This post has been republished via RSS; it originally appeared at: Microsoft Developer Blogs.
The explosion of devices in the IoT space is more than a little overwhelming. Where do you start?
Why choose hardware when you can experiment entirely in software? That’s the power of the Device Simulator Express (DSE).
The DSE comes out of the Microsoft Garage internship program – two separate teams worked on the simulator over the past year. The development was done on GitHub and is open to contributors.
You can start experimenting with programming Python on IoT devices without buying anything – in fact, there’s nothing to buy at all. Everything you need is open-source and free. Just download:
When you install the Device Simulator Express, it will automatically install the Python Visual Studio Code Extension, if it’s not already present.
And now you’re ready to start experimenting!
Simulating devices in Visual Studio Code
There are three different simulators in the Device Simulator Express as of writing. The first is the Adafruit Circuit Playground Express, a circular device with two buttons, ten RGB NeoPixel LED lights, and a host of other sensors.
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The Adafruit Circuit Playground Express.[/caption]
In the DSE, you see a graphical representation of the device, and all of the buttons and touchpads work with mouse clicks. You write code in Python to control the Circuit Playground Express and then experiment with the simulation. In Visual Studio Code, you’ll see your code in one pane alongside the graphical device, so you experience the rapid-fire “write a line of code, run it, make changes” cycle that makes programming fun and easy to understand.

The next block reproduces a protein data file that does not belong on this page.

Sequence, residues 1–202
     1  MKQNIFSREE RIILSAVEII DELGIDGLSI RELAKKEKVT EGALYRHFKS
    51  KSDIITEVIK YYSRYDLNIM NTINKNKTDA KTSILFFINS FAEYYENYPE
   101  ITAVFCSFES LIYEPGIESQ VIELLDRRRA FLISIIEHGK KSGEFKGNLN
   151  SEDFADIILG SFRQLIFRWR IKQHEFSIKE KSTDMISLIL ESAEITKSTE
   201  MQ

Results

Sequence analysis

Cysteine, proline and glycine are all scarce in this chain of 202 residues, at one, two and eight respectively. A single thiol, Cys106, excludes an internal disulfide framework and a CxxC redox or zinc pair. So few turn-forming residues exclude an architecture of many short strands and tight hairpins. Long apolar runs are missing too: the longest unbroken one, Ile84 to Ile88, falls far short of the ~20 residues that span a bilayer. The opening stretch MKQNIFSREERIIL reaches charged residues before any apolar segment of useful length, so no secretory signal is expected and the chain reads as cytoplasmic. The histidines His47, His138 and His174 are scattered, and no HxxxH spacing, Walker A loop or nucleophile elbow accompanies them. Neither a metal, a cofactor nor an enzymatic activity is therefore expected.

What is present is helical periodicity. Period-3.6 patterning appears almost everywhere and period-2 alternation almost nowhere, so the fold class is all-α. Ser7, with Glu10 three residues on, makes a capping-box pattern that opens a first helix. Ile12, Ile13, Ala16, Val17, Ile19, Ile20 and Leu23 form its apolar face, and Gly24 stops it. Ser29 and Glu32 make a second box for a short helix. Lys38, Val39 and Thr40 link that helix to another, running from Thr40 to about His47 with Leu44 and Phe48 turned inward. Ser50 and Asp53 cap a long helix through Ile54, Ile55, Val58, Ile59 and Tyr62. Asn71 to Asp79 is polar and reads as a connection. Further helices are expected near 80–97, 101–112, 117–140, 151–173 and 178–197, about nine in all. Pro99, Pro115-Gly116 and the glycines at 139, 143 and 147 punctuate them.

And when you’re ready to experiment on hardware, the Device Simulator Express extension makes it easy to push your code via USB into the IoT hardware.
And the Circuit Playground Express is not the only device in the simulator!
The BBC micro:bit is a small rectangular device with a five-by-five grid of LEDs, two buttons, and several other sensors.
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The BBC micro:bit[/caption]
The matrix of LEDs makes it easy to create simple graphical images, characters, and even animations. One of the more popular demo apps for the micro:bit is a dice simulation – you shake the device triggering the accelerometer (which you can do with your mouse in the DSE) and the micro:bit LEDs blink until they stop on a one-to-six die pattern.
Next up is the Adafruit CLUE, which is much like the micro:bit, but adds an LCD display instead of the matrix of LEDs.
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The Adafruit CLUE[/caption]
Now you’ve got some serious graphical power available with the 1.3 inch IPS LCD color display – the canonical example project on the CLUE is the game Snake. You can make compact, old-school, 8-bit style video games on the Adafruit CLUE.